Central Bank of UAE
The Central Bank of the UAE (CBUAE) has published the ‘Typologies in the Financial Sector’ report that identifies new sources risks to financial sector. Image Credit: Central Bank of UAE

Dubai: The Central Bank of the UAE (CBUAE) has published the ‘Typologies in the Financial Sector’ report that identifies new risks to financial sector.

The report aims to identify and raise awareness of emerging risks in the financial sector and enable Financial Institutions (FIs) to remain vigilant and address these risks.

CBUAE alongside the concerned supervisory authorities have released this report as a key reference on pandemic-related typologies to the financial institutions, so they can mitigate these risks

- Khaled Mohamed Balama, Governor of CBUAE

Identifying new risks

The typologies identified in the report include the risk of:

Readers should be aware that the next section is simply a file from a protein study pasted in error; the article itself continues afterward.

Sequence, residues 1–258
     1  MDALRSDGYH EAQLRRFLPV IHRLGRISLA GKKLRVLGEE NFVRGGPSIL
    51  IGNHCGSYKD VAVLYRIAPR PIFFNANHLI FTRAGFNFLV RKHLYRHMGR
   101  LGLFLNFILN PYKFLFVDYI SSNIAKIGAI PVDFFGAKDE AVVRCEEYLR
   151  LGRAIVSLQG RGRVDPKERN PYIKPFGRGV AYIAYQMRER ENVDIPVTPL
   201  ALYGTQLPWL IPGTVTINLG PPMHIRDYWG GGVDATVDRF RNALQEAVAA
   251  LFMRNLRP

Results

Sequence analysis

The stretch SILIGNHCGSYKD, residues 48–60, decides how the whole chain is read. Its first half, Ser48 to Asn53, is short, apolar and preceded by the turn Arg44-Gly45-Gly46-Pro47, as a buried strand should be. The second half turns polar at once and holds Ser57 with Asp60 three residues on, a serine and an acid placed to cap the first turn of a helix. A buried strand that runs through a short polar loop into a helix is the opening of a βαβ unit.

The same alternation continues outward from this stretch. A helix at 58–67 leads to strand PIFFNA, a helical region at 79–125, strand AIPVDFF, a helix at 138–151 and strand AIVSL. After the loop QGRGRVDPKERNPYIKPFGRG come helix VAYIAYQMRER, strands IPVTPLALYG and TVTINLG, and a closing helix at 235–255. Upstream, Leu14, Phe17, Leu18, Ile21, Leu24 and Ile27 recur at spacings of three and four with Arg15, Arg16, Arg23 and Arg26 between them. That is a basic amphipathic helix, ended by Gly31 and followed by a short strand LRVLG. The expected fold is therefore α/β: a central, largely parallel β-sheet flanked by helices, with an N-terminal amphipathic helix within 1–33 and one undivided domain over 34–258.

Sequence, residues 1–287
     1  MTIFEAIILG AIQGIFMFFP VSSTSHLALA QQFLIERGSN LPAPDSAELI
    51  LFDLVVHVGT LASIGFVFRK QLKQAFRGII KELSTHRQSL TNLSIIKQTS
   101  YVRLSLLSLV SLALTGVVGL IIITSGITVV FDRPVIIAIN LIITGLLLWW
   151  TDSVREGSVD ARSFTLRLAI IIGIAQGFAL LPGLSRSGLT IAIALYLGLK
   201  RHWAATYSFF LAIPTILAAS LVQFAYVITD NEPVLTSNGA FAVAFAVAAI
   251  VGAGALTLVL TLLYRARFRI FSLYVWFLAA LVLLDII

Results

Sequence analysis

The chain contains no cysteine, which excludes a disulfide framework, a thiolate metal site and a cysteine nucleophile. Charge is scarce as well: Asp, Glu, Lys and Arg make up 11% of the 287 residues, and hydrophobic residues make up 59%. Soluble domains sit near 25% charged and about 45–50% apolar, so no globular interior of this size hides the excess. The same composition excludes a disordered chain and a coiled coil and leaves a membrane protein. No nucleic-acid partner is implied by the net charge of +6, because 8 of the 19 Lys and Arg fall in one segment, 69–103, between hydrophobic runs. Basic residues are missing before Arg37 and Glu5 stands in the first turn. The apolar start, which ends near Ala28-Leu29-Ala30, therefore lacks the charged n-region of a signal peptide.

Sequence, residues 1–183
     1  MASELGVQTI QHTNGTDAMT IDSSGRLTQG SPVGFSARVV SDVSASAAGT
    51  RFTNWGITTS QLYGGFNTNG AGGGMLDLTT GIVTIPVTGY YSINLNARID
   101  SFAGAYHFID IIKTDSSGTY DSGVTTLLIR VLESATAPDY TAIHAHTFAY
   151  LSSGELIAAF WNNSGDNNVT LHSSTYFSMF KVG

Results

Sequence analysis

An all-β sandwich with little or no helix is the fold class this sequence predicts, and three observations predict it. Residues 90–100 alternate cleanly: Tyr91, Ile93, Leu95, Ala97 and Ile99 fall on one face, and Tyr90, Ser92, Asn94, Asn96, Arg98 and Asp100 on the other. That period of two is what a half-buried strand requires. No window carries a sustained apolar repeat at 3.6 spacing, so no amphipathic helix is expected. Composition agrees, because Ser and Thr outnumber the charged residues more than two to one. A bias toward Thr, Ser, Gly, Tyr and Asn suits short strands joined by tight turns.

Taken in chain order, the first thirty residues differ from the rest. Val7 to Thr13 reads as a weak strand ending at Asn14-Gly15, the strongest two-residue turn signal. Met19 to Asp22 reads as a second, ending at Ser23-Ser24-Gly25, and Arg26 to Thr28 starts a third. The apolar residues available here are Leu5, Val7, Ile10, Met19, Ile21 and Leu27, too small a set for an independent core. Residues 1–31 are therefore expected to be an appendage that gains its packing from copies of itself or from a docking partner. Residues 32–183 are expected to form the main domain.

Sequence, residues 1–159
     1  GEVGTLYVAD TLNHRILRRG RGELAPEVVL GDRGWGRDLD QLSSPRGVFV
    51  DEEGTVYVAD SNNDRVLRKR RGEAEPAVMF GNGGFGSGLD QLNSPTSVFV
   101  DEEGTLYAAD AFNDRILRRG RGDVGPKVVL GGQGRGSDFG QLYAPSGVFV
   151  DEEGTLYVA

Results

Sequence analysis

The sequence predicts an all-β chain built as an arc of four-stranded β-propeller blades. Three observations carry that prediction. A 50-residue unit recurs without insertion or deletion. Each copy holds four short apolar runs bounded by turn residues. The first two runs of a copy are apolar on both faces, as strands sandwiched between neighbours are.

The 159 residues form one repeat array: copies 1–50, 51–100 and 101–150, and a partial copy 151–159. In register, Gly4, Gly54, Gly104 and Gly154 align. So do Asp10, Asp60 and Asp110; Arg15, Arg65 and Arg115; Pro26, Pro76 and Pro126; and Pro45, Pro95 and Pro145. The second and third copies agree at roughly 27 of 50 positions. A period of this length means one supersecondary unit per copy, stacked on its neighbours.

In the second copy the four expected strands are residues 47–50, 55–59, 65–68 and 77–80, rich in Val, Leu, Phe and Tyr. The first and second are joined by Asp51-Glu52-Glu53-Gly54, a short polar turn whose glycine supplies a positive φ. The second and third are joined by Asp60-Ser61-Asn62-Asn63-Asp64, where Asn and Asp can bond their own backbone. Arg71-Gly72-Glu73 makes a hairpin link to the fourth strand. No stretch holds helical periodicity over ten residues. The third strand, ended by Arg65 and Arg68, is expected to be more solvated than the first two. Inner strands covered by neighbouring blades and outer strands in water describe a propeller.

• money laundering
  • terrorist financing
  • disaster fraud
  • corruption
  • bribery
  • charity
  • fraud

The use of unlicensed money service providers (UMSO) for money laundering has increased during the COVID-19 pandemic. UMSOs do not move funds for each transaction but balance the books over a period, conducting a ‘money transfer without money movement’.

Although people will move funds legitimately through UMSOs due to speed and convenience, the anonymity of UMSOs offer means they are particularly appealing for financial criminals.

The use of virtual currencies (VCs) may be intensifying during the COVID-19 pandemic, as every criminal earning VC illegally, looks for ways to covert third party proceeds into cash or other assets. Whilst most banks’ AML policies do not allow for banking of VC exchanges, most banks do use some of the third party payment providers and payment gateways, which in turn may deal with VCs.

Citizenship by Investment schemes

Citizenship by Investment (CBI) schemes offered by countries located in the Caribbean region pose potential financial crime risks to the financial sectors in the UAE. Although CBI schemes may be pursued for legitimate purposes, in particular visa-free access to the EU, CBI schemes pose corruption, money laundering and tax evasion risks.